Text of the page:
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Rash Testing
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I'm new here so please forgive me if this question is redundant. I have recently been diagnosed with IBS but I'm wondering if I might have celiac disease or gluten sensitivity. My GI ran two blood tests. I don't know the specifics. I just know the numbers were 3 and 6 with a 20 being positive. When I see him in two weeks I plan to ask him for details and numbers. I am probably just crazy and a hypochondriac, but who knows. I am wondering if a biopsy can be taken of my rashes to diagnose celiac disease? I have 3-4 patches of intensely itchy and scaly rashes on my scalp. I've had 2 of these for going on 10 years now. The last two popped up in the last two weeks. And they started out as painful bumps with a tip that sloughed off, leaving behind this scaly rash. I also have a rash on my upper arm but it isn't too itchy. It just looks like a lot of little raised blood vessels. I guess I could ask for a referral to a dermatologist.

I have a history of depression, anxiety and stomach problems. I've been lactose intolerant for the same 10 years. Also have migraines and unexplainable fatigue. My skin is extremely sensitive - I cannot wear makeup. I have found that certain shampoos and conditioners make the rashes worse. Neutregena T gel makes is even more worse. I think I'll check their ingredients for gluten.

Please help! I think I'm crazy and so does my doctor and family. My sister and mom have the lactose intolerance too. This makes me wonder, since I know celiac disease is inherited.

Thanks so much!!!! :(

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My 'stomach problems' were also diagnosed as 'lactose intolerance' and 'IBS' but following the IBS diet just exacerbated my pains and using 'lactaid supplements' didn't resolve all my symptoms (even after I finally tried a gluten free diet when I suspected celiac). :blink: If you suspect you are celiac, don't settle for anything less that blood tests and/or biopsies for celiac. If your GI has already tested for celiac, but you're waiting to see him to get results, don't wait. Call and keep calling until they tell you your results. If you are celiac, the longer you keep eating gluten the more you damage your intestines. :o If your tests come back negative, don't let your doctor dismiss your symptoms as 'IBS' or lactose intolerance. I didn't return to the doctor who gave me those diagnoses. Instead I tested through Enterolab and learned I have autoimmune reactions to BOTH gluten AND caseine (the milk protein for which 'lactaid' supplements do zip) as well as the celiac gene which my doctor never considered. You're not crazy, so don't let doctors, family and friends (??) discount your symptoms with that label. <_<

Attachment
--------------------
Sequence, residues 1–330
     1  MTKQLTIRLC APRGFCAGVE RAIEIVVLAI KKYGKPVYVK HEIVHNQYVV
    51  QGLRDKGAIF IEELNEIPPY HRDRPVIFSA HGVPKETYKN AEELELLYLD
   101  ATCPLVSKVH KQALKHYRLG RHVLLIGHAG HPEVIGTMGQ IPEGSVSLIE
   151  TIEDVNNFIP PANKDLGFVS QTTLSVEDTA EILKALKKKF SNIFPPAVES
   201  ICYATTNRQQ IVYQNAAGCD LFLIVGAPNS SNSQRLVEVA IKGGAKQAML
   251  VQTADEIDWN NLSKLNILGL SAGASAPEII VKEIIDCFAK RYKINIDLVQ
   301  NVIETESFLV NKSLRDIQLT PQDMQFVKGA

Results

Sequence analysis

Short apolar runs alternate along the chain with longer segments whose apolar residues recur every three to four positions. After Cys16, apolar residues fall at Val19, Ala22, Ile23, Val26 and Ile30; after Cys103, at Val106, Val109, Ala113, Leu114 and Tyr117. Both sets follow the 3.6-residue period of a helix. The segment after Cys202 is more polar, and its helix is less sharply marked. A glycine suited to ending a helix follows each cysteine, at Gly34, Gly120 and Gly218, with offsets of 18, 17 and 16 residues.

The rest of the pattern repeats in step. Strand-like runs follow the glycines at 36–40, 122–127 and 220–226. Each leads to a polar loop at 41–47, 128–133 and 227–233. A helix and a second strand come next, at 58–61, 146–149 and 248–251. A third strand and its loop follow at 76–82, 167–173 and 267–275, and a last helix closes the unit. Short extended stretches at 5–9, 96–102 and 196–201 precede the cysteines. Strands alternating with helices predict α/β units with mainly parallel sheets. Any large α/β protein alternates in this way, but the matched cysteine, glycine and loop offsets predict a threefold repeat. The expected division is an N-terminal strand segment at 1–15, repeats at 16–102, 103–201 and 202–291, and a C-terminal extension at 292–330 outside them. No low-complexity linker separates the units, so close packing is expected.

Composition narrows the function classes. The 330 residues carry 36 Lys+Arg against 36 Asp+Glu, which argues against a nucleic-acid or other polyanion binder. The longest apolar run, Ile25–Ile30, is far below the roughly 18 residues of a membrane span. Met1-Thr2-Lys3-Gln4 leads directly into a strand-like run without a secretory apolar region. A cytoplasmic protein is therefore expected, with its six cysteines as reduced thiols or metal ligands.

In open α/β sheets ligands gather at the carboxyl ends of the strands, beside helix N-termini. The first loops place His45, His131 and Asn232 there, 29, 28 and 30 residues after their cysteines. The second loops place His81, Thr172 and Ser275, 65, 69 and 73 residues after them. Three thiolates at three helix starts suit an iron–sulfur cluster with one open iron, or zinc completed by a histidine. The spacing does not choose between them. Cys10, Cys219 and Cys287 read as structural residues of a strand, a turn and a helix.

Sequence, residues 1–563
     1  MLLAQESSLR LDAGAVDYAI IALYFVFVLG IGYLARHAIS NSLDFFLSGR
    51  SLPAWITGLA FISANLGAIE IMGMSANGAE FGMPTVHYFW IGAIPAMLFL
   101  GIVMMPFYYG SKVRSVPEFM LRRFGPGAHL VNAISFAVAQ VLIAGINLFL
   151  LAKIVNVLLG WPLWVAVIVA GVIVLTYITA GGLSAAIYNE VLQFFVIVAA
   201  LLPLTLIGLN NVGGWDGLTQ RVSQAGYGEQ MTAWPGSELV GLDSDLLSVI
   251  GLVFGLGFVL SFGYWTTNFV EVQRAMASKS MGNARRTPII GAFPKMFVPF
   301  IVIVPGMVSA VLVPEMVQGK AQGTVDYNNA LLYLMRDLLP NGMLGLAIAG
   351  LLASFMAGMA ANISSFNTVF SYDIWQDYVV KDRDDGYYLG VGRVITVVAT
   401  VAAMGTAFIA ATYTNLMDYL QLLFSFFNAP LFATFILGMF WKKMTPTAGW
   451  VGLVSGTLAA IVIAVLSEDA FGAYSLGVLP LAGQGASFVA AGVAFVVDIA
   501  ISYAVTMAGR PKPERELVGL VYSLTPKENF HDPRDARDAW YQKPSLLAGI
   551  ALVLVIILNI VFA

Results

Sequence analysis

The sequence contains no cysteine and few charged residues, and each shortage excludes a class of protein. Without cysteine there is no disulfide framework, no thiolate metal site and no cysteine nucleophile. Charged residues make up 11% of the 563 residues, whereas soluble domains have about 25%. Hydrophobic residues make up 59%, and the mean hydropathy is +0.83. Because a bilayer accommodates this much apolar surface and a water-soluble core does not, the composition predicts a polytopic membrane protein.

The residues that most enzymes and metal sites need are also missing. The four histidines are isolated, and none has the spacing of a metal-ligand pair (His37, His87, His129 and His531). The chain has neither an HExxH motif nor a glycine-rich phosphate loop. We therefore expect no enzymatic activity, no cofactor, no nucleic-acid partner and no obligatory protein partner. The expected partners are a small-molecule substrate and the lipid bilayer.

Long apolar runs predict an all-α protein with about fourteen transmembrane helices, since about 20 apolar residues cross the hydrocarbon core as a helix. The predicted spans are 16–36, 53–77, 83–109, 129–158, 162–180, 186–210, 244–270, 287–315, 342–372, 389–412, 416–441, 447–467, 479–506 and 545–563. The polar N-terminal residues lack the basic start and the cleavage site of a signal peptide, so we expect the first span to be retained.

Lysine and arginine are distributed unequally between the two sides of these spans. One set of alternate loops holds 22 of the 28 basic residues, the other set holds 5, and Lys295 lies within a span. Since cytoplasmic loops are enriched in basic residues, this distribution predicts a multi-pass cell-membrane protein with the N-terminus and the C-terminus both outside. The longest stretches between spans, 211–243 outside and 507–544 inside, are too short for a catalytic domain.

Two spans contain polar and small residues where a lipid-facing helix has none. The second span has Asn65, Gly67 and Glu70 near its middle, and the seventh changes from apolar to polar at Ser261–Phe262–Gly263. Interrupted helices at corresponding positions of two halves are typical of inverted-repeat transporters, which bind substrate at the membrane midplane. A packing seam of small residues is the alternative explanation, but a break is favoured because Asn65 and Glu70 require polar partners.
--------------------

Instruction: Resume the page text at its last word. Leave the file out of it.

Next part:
BURDEE

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I started getting the same rashes 6 years ago. I was eating tuna on wheat and a stack of wheat thins when I realized I started getting red blistering itchy bumbs on one of my legs. I've been eating tuna on wheat for years with no problems. Eventually the rashes went to both legs and after a while the hair fell out in the same place on both legs and the rashes kept getting bigger. I started to develop the same rash around my neck just this past year.. Its great, I have to go to work everyday like this. It never goes away. Around january 3rd, I was told I have an auto-immune problem by yet another doctor.. you have lupus. tested for lupus, no lupus, bone marrow cancer and anything else they could come up with. All came back negative. Finally, there was no cancer, only allergies to soy, vasculitis in both of of my legs and no explanation for the rashes. They claim the rashes are vaculities, I say they are stupid. The rash appears after consuming corn , wheat or soy. What I think is funny, all along I said it was something in the food doing this to me. Little by little, I got the same reaction eating cereals, fig newtons, pretzels, crackers, corn on the cob, soups, gravy, spaghetti and so on.

Its true, by trial and error, I was able to weed out each food and find the rashes stop or start depending on what I ate. I just ate 4 fig newtons at my desk, sorry for being human, I wanted a snack.. and guess what.. both my legs are compelety inflamed again. For a few days I suggest. Eat only grilled chicken or steak, potatoes or rice and vegtables and fruits. I bet the rashes go away. These are the only things I can eat now to control it. i figured this out myself. Not any doctor.